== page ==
I'm about as interested in what the U.S. bishops have to say about who the next president should be as I am what the president has to say about who should next ascend to the throne of St. Peter.  That is to say, I'm not interested.  As a Catholic the bishops do not speak for me politically just as the president does not speak for me as a Catholic.  They are certainly welcome to their opinion but it just that and has absolutely no bearing on how I'll vote in November.
Carlos Orozco | 5/19/2012 - 12:35pm
Contrast Putin and Obama in the following video. Body language and silly talk leave no doubt they play in different leagues:
Carlos Orozco | 5/19/2012 - 12:16pm
After the terrosist attacks of September 11, the White House has been occupied by two of the most incompetent presidents in American history. Today, what the United States needs is its Vladimir Putin. Although the Russian president has been satanized by the Western media, his country is back on its feet and confident in the future. Long gone are the Yeltsin years in which that great nation seemed to be destined to become an energy providing colony of the Anglo-American Empire and robber barons took hold of its main industries.

He is certainly not perfect, and I would hate to have such a bully as a neighbor, but he is a true leader, something Barack Obama is not. The former KGB agent has understood the need for Russia to renew spiritually, after decades of Soviet war on religion, in its centuries-old Christian Orthodox faith.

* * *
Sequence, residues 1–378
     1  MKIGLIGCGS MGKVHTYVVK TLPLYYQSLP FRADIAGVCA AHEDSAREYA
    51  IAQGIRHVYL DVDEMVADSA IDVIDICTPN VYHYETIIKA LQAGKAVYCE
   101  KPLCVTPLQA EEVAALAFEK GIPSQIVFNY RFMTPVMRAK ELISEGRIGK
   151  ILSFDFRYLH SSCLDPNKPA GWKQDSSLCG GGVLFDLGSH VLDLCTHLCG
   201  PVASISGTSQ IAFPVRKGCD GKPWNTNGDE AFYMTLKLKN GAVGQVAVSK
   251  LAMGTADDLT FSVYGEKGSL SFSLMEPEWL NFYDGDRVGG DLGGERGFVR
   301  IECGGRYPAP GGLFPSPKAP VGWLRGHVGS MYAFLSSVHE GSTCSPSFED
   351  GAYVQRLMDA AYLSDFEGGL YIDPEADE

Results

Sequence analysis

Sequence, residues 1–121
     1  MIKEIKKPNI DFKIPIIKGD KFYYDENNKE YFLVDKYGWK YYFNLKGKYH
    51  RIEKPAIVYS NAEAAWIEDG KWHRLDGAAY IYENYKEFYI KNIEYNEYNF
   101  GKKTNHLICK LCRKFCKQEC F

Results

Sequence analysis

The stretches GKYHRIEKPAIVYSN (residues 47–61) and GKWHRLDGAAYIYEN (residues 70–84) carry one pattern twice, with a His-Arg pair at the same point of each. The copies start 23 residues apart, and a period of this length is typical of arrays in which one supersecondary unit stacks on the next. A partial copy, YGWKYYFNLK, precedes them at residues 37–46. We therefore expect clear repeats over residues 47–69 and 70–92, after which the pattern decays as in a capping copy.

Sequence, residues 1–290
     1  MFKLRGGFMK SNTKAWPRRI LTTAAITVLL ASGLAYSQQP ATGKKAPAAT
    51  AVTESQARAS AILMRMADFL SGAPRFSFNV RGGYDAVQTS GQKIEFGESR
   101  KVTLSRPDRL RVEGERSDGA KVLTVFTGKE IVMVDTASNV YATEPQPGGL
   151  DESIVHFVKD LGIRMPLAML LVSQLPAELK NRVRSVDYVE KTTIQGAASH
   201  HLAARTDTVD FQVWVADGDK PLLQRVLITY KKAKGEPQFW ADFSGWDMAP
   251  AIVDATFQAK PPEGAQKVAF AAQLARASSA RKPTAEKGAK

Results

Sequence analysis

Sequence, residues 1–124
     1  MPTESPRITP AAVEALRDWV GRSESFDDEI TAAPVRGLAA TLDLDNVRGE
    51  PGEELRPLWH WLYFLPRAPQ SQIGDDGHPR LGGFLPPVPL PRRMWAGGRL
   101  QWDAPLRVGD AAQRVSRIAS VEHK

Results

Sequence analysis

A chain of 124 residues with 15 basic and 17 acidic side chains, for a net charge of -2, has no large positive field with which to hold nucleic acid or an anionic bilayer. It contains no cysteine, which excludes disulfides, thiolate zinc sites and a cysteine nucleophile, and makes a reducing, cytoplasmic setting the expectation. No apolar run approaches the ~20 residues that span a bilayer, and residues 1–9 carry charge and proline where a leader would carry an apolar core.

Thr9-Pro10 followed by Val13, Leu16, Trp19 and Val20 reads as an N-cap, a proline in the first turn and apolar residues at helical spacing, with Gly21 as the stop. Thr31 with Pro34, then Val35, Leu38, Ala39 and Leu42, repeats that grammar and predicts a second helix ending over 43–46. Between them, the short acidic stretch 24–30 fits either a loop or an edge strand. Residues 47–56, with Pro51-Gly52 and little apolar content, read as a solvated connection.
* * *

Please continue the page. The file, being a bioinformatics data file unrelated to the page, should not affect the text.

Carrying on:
Still the main obstacle to a complete Russian resurgence are its few births along with sky-high abortion rates. Putin has also has understood the need to attack these evil legacies of the atheist regime and has promoted childbearing and restricted abortion, as much as is possible in a country that still largely views it as a right. Orthodox and Catholic pro-life voices in Russia are growing.

It is sad to see that since the end of the Cold War, the former Evil Empire (Reagan dixit) has become more Christian, while the United States governmet has begun its war on Christianity and is heading the country towards a catastrophic police state in perpetual warfare to benefit the industrial-military complex.
Amy Ho-Ohn | 5/19/2012 - 9:00am
@Dr. O'Leary,

(I only meant that most people pick their socks at random, at least in November, and that most people have white socks in their sock drawer.)

There is strong correlation between religion and voting patterns for some religions. Jews, Quakers and atheists vote disproportionately Democratic. Mormons and the people the Barna Group calls "born-again" evangelical Christians vote disproportionately Republican.

But there is virtually no correlation for Catholics (or mainstream Protestants or evangelicals.) Catholics who live in red states vote disproportionately Repulican, and Catholics who live in blue states vote disproportionately Democratic. Black, Hispanic and single female Catholics vote disproportionately Democratic, and white male Catholics vote disproportionately Republican. Catholic university professors vote disproportionately Democratic, and Catholic small businessmen vote disproportionately Republican. Catholic France just elected a Socialist President and Catholic Hungary recently elected a neo-Fascist government.